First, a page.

A-V: the Underappreciated Profit Center, Part I

Are you losing huge profit opportunities in meetings audio-visual and technology sales? Here are four questions for your consideration. We’ll look at two of these this week, and two others next week. 

  1. How is your audio-visual offering described on your web site?
  2. Do you have a marketing plan for selling audio-visual equipment?
  3. How do these offerings set you apart from your competitors?
  4. How important is audio-visual to your F&B profit picture?

I’m thinking that audio-visual equipment rental is something that gets little attention from most F&B Directors, at least until the projector light bulb burns out in the middle of a meeting and the A-V tech can’t be found.

So, let’s drill down a little on these four questions.

ONE. Look at your web site – does A-V get its “fair share”? Most of the hotel web sites I’ve looked at have descriptions that fall into one of three categories:

  1. A generic description of offerings and services, sometimes with a couple of examples. This is akin to having a restaurant’s web presence limited to a statement about how wonderful your food is, you’re sure to enjoy it, etc.
  2. A list of items. Often these lists are outdated – I’ve seen lists with 35mm slide projectors and laser disc players. Thinking about your restaurant again, would you put a simple list on your web site in lieu of a menu? “We have: hamburgers, steaks, salads, chicken, breakfast, soft drinks, desserts, wine, beer & cocktails”.
  3. A link to a third party. Many of the third party A-V (and other technology) companies have a very impressive array of equipment and offerings. Sharing this information with meeting planners is certainly appropriate. But wouldn’t you like share the information in the context of your hotel’s services? When I go to a site and (eventually) find the audio-visual information, if I just see a link, what I really get is the feeling that “hey, we’re busy, go bother the A-V company, but don’t worry we’ll talk again when it’s time to give you the bill”.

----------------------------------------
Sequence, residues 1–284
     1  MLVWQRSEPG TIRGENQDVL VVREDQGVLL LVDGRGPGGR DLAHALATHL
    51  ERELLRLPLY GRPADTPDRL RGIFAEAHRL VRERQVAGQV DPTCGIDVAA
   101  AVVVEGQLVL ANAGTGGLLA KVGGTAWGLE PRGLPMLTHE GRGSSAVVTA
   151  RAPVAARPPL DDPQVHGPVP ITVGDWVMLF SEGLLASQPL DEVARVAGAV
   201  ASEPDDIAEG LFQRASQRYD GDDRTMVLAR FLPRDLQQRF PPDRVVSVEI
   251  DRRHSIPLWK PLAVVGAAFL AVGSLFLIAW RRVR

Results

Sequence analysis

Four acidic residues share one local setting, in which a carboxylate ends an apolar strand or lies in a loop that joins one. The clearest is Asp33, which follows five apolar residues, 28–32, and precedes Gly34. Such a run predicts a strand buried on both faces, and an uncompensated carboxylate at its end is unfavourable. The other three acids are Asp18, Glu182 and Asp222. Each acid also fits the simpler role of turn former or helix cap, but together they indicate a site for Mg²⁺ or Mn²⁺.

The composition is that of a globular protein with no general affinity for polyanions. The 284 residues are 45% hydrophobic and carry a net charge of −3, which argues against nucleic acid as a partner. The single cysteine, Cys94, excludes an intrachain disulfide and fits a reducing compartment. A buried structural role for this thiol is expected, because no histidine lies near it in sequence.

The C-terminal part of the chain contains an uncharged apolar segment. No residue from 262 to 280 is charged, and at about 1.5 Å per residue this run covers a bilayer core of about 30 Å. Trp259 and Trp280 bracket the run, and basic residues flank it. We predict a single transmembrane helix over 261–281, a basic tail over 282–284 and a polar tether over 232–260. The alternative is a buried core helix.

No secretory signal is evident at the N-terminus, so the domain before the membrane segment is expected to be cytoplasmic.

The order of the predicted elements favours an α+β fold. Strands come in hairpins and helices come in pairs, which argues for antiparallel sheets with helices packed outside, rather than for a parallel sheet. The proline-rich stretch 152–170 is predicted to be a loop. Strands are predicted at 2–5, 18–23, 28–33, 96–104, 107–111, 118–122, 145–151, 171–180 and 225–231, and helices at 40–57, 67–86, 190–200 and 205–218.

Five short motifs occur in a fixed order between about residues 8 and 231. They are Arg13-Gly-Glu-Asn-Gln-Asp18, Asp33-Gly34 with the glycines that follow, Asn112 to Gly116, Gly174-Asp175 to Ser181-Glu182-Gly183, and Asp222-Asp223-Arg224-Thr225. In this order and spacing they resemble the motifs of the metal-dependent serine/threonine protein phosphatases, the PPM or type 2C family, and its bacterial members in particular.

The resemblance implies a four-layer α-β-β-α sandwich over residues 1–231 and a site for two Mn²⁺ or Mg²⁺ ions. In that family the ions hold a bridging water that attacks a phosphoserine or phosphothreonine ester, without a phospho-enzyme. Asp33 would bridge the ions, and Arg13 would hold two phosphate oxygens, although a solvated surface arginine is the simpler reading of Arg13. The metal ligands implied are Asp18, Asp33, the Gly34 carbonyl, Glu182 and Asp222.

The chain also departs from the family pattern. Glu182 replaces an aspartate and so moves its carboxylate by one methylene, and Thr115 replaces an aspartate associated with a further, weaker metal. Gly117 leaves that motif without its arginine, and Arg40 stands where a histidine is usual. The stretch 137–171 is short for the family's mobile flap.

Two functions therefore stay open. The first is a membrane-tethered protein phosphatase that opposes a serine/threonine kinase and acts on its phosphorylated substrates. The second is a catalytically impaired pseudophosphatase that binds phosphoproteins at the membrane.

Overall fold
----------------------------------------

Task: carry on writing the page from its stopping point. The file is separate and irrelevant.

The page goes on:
Why do we under-represent A-V? Your restaurant representation almost certainly has pictures, detailed information, menus with prices, and special offerings, perhaps even its own web site. I recommend that you create a Technology Menu and treat it like you would a restaurant menu. Work with your A-V vendor: teach them how to employ menu engineering techniques. Use graphics. Add value. Create packages. Highlight “specials”. Suggest add-ons. Suggest upgrades. You get the idea.

TWO. Marketing plans

for audio-visual? I can hear this now, “That’s not my job, we have ________ company for that.” Yes, you have partnered with a third party. But a significant part of the sales will come directly back to you.

Do they have a marketing plan? Are you satisfied with it? Have you seen their menu of offerings, and does it meet with your expectation? Have you “secret shopped” their sales representative to ensure that both courtesy and selling efforts are at optimal levels?

Next week we’ll look at questions 3 & 4, and I’ll point you toward some Best Practices in A-V and technology.

Those are my thoughts, let me know yours.

 

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